To get the best flavor, you'll want to start off with a clean, well-seasoned smoker. If you can, use a mild wood like oak, hickory, pecan, or cherry to heat the chamber to a stable 250°F. Because it takes about one hour to cook a pound of brisket, you'll likely be cooking for the better part of the day. As such, you'll definitely want to make sure you're working in very stable temperature conditions; otherwise, you'll lose a lot of time waiting for the smoker to get back up to temperature.
This is a crucial step because it is at the very beginning of the cooking process, before you even start cooking, that you will really add flavor to the meat. The kind of rub you use will also determine how much of a crust there is on the brisket, so take your time to ensure that your brisket is evenly and well coated.
Once the meat is coated, you will also want to take some time and do as the name insinuates: you'll want to rub the spices into the meat. This makes it so that the fat won't remove the spices from your meat as it drips off during the cook.
When you prepare your rub, keep in mind that you'll also need to add spices to finish off your burnt ends. To keep a homogeneous flavor, it is best to prepare enough rub to coat the flat part of your brisket and to have some left over to flavor the point later on.
After your smoker is hot and your meat is rubbed down, you can start the cooking process. Just the same as the other cuts of meat you are already used to cooking, you'll want to check in on the temperature of the smoker regularly to make sure it is at 250°F. Try to keep the smoke level stable as well. You'll keep the meat cooking until the interior of the brisket reaches 170 to 185°F.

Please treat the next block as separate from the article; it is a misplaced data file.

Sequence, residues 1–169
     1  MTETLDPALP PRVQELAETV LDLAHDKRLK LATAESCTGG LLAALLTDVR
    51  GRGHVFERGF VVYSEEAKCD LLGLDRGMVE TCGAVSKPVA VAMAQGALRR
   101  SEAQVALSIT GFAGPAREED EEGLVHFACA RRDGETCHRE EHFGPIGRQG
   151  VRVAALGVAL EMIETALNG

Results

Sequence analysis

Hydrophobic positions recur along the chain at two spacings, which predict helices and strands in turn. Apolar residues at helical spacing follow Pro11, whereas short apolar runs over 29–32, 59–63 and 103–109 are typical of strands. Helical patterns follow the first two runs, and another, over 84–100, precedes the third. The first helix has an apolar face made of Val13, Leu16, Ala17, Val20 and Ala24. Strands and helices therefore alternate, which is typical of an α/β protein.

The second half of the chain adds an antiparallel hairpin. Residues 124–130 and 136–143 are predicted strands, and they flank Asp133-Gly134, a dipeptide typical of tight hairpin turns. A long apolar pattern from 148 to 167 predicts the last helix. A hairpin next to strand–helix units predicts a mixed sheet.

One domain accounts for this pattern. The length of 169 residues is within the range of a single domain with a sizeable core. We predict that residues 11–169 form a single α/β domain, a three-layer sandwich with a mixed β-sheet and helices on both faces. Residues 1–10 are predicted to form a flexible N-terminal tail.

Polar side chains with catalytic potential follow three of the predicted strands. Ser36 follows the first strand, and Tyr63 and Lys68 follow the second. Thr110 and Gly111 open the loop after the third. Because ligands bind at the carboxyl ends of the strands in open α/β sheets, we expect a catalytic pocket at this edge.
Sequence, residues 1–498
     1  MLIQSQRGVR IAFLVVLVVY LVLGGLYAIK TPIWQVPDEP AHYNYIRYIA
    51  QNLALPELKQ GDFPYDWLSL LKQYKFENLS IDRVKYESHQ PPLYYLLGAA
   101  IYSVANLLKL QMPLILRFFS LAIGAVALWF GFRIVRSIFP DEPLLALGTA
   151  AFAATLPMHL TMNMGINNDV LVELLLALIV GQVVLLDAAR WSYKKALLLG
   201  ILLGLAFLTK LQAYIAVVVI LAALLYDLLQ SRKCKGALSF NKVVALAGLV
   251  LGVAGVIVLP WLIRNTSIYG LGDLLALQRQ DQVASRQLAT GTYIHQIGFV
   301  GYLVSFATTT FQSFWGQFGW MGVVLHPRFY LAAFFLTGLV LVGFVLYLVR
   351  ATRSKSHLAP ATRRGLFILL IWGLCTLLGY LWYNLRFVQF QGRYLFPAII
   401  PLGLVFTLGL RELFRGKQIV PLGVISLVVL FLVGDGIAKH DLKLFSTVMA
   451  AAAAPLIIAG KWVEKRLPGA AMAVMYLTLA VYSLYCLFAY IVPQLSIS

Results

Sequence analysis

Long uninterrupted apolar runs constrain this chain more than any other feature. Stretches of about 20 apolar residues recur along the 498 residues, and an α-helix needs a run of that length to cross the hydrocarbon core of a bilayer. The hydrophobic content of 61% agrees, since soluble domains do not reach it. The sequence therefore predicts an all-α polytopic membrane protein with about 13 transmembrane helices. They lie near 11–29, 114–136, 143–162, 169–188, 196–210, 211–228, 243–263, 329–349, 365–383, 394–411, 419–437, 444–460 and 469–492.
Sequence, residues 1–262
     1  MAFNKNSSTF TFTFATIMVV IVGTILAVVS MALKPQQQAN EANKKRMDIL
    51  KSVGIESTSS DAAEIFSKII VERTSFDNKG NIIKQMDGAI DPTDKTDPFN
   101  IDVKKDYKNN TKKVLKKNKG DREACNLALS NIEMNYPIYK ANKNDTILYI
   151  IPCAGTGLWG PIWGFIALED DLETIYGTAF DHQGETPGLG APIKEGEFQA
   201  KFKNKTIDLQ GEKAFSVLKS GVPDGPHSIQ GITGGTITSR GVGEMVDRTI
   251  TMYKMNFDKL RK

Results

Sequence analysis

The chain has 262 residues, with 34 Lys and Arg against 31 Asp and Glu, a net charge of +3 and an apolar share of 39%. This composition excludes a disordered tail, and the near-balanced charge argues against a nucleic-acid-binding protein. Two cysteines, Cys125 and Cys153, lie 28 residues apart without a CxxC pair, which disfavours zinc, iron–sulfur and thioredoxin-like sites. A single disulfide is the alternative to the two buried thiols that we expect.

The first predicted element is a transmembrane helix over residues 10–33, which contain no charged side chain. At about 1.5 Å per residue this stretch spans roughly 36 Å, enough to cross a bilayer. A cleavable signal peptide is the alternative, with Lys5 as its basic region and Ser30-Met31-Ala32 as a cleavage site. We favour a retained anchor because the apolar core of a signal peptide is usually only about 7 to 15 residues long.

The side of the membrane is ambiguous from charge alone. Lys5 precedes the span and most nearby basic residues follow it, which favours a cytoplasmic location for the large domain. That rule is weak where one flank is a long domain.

If you are planning on serving sauce with your brisket, you'll probably want to take advantage of the many hours you have of waiting time to prepare the sauce. Kansas City barbecue can be served with just about any barbecue sauce you like, but the tradition is to combine the savory profile of tomato and vinegar with the sweetness of molasses.
The burnt ends magic begins when the flat part of your brisket is cooked. You'll want to remove the brisket from the heat, but keep the smoker hot. Separate the point from the flat end, and cut off the visible fat that is left on the point.
This is also a good time to start cutting and serving the flat part of the brisket. After a long day of waiting for your cook to finish, you're probably dying to try it out -- and your friends and family are probably even more eager after smelling the smoker all day long. Check out the video below for the specifics on how to slice the brisket.